.NET 6 Preview: Minimal APIs in ASP.NET Core

2 min readNov 14, 2021

Welcome to my November blog post, what’s new? Microsoft have recently released .NET 6 Candidate 2. This post will focus on minimal APIs using .NET 6 within Visual Studio 2022 Preview.

.NET 6 has taken simplicity to a whole new level, goodbye boilerplate. What are Minimal APIs? The clue is in the name…minimal APIs are architected to create HTTP APIs with minimal dependencies. When would you use it? They are ideal for microservices and apps that want to include only the minimum files, features, and dependencies in ASP.NET Core.

So…how much effort is really involved in creating a minimal API, with swagger documentation? I took to Visual Studio 2022 Preview to find out. Firstly I created an ASP .NET Core Empty project. I found out alternatively you can use the command `dotnet new web` in the Dotnet CLI. This created me the default `Program.cs`, with the “hello world” example.

In order to compare a standard ASP.NET API to a minimal API, I chose the classic Weather Forecast as an example. As you can see this was achieved with negligible lines of code, with hardy any effort. This was included in the C# 9 Top-level programs feature, where all the logic, architecture, classes, endpoints and services are in one file. In order to use swagger I simply had to install the `Swashbuckle.AspNetCore` nuget, then edit the Program file.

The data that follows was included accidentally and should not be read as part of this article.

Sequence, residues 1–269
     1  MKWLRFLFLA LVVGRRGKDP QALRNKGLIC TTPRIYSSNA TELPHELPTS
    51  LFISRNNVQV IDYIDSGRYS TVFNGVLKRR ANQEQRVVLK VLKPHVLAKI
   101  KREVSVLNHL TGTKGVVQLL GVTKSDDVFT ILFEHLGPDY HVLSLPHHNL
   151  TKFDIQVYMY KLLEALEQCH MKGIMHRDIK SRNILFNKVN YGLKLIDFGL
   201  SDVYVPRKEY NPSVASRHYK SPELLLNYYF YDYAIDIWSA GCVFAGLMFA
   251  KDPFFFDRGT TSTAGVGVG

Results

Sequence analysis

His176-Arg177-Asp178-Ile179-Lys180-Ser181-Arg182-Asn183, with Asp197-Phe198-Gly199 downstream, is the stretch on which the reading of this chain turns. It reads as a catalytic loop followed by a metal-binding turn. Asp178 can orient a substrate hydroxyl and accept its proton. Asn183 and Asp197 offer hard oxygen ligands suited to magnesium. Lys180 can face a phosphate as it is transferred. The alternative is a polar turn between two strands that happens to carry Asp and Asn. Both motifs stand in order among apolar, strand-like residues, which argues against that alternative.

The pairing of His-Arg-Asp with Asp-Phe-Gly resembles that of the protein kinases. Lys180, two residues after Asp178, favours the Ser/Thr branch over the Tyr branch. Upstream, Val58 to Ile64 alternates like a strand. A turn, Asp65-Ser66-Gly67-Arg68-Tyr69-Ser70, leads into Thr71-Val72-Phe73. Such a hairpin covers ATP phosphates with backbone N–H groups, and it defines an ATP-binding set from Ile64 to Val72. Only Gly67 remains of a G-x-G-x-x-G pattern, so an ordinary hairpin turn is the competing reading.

Again, comparing the old way to minimal APIs, you can see previously we needed to use a Controller, Program, Start up and Model where as now we just need a Program file…one class to rule them all! I have uploaded this basic example to my github.


This light weight starting point has huge advantages, especially in the microservice world, when creating proof of concepts or even when doing TDD, just don’t forget to refactor! With C# being a mature language, the idea is that it just works out of the box, whether you want your API to return a string or a model. Personally I have only worked a few .NET Core solutions so far therefore it is fair to say I am more familiar with the “classic” layout. As well as this I’m still getting used to the out of the box DI, instead of using Ninject or Castle Winsor. I can’t imagine this being an adopted feature in enterprise applications, with the lack of separation, DI in one location and configuration.